Oh yes. Read the book, Toilet Paper Entrepreneur. While there are facebook success, google success. Majority of the success are not like that. The reports of those romanticize success may mislead many aspiring entrepreneurs.
The Romance of Success
by Randy Gage
Okay I confess: I’m a hopeless romantic. Used to choke up on Casey Kasem’s long distance dedications. Cried during The Bridges of Madison County. And yes, I saw all the Twilight movies.
But that doesn’t mean you have to romanticize everything. Especially reaching success and creating wealth…
So many people dream of winning the lotto or getting a big inheritance. They want to watch The Secret and have their Bentley materialize in the driveway.
Maybe it’s not romantic to say it, but success takes work. Determination, persistence, sweat, effort, and guts. You’ll face setbacks and go through disappointments. But the people who learn from and grow from those setbacks are the ones that have breakthroughs. That’s the romance.
Likewise, it’s fun to dream of getting Silicon Valley venture capitalists to invest in your new startup and then take it public and become a billionaire. But that’s not how most success stories play out…
The formula for creating wealth may not sound romantic, but it’s fairly simple: add value or solve problems. Every day there are people becoming wealthy because they add value or solve problems. You don’t hear about most of them and their not on the cover of INC magazine. But they are building their dreams and getting rich doing it.
If you have a brilliant tech innovation that will make you a VC darling, by all means go for it. But just know that fortunes will be created over the next ten years in payment processing, manufacturing, delivery, education, logistics and thousands of other “not romantic” fields. When you add value or solve problems, people will joyfully, lovingly, gratefully crawl naked over broken glass and throw money at you.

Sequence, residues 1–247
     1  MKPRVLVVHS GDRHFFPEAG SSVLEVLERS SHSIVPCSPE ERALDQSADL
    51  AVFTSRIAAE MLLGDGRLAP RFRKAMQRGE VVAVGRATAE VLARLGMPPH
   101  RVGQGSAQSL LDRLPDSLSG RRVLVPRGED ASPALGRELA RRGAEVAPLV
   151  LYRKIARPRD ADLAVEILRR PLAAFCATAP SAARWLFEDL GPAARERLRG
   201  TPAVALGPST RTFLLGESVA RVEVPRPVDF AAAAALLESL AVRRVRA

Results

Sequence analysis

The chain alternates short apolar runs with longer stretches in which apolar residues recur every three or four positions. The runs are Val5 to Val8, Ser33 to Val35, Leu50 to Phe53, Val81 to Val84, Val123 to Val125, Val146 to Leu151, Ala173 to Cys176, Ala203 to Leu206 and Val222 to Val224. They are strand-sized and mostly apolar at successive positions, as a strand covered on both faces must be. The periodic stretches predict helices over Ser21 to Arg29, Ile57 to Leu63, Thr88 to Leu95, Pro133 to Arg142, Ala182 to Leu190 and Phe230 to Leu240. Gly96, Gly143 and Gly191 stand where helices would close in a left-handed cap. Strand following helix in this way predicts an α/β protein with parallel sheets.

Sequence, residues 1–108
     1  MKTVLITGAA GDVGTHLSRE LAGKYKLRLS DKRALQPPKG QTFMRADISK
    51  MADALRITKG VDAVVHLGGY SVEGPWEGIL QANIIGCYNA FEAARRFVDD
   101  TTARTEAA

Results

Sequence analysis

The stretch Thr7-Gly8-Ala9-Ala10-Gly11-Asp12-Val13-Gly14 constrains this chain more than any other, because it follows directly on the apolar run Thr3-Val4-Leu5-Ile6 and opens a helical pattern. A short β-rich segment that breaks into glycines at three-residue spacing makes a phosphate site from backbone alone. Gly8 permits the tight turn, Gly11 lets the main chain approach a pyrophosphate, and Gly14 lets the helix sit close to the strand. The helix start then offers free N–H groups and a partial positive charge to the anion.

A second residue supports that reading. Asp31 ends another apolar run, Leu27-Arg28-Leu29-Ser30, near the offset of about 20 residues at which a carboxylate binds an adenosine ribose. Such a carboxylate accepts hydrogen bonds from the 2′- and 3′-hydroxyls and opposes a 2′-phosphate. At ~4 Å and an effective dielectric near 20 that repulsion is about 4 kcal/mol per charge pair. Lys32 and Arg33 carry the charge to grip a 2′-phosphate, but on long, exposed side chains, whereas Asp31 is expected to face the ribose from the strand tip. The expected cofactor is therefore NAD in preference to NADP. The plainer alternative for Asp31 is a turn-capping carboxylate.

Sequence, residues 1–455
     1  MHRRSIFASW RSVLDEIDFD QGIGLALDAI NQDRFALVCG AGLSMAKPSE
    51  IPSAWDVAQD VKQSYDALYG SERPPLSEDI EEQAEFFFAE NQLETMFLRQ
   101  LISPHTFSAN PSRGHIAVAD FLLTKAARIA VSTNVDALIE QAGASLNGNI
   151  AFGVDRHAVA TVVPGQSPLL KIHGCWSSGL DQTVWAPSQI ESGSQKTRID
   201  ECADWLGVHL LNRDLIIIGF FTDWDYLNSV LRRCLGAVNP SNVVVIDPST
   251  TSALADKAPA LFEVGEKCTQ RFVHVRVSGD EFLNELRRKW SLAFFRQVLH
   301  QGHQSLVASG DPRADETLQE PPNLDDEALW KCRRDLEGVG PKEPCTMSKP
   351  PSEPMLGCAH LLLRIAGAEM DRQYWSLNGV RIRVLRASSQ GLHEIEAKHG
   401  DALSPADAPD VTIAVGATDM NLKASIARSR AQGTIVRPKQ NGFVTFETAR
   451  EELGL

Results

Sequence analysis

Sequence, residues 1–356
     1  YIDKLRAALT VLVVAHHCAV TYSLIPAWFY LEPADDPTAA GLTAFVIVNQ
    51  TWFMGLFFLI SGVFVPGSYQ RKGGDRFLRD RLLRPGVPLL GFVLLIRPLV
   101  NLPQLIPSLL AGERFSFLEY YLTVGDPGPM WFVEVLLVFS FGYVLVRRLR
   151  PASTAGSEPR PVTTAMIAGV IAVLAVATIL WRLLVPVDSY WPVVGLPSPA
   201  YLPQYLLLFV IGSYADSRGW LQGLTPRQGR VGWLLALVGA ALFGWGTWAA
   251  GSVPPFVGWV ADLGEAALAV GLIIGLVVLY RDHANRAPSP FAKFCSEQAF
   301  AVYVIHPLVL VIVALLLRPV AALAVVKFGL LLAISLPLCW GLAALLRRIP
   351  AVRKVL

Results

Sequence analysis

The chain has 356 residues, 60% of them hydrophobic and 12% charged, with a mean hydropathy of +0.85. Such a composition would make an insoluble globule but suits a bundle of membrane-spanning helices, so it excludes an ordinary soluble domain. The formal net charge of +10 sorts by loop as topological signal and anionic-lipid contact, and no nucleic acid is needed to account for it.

So don’t over romanticize success. Get to work and take a step closer to your dream every day. But don’t be a skeptic either. Or as Casey would say, “Keep your feet on the ground and keep reaching for the stars.”
I have to say, now that I'm a contract bookkeeper instead of an employee, I view 'solve a problem' VERY differently. I just started working with a wonderful new client and I am helping them fix a lot of old problems. Now that these problems are being solved one by one, productivity is increasing. Their staff are thrilled about some of these things as well. I'm exercising skills and a part of my brain I didn't use as an employee and having an absolute ball doing it too. The money is flowing in nicely and I can see that this client will be more than happy to recommend my services and/or provide a written testimonial that I can use to market myself.
This is an interesting post as it echoes the "no pain no gain" adage. However people such as Esther Hicks - ( Ask and It is Given) says "no gain in pain" - http://www.youtube.com/watch?v=HIlqAHGer8k
She says struggle and effort or paddling upstream is picked up programming and that when connected to source, life can be downstream and a breeze, that creation through action is mediocre at best and that creation through alignment of energy is where all masters have found their place.
@Hilary Moore I do believe that when you find the right path, done your preparation and are in the groove - things flow nicely. But I think it's foolish to belief that great success will come effortlessly, without challenges along the way.
Such a coincidence, or as Melanie Mills might say, "the universe conspiring with you" that Bruce Beaton and I had a very similar discussion yesterday. If I understood him correctly, Bruce feels that too much self-help stuff available is of"the rah-rah you can do it variety, 'Deadmau5 did it, so can you!!!" He was saying that you have to grind it out, and still may not reach the coveted first place.
Oh, and thanks for helping me stop saying Deadmowfive before I was overheard by one of my nieces. :)
If it were "that easy" it wouldn't be fun. I love romance, but I never was big on typical romance stories. I prefer the stories where the protagonist, through hard work, dedication, pluck and cleverness gets all he or she ever dreamed of - including the love of their life. Now THAT is "true romance" and I'm all for it. MY biggest challenge is not making it harder than it has to be just for the fun of proving I CAN TOO! :)
I love this blogpost. But how do we know if the business we do is going to be a success ? It can be a problem solving business or it can be some value we add, but that doesn't mean people are going to pay for it. If the price is to high, people don't buy.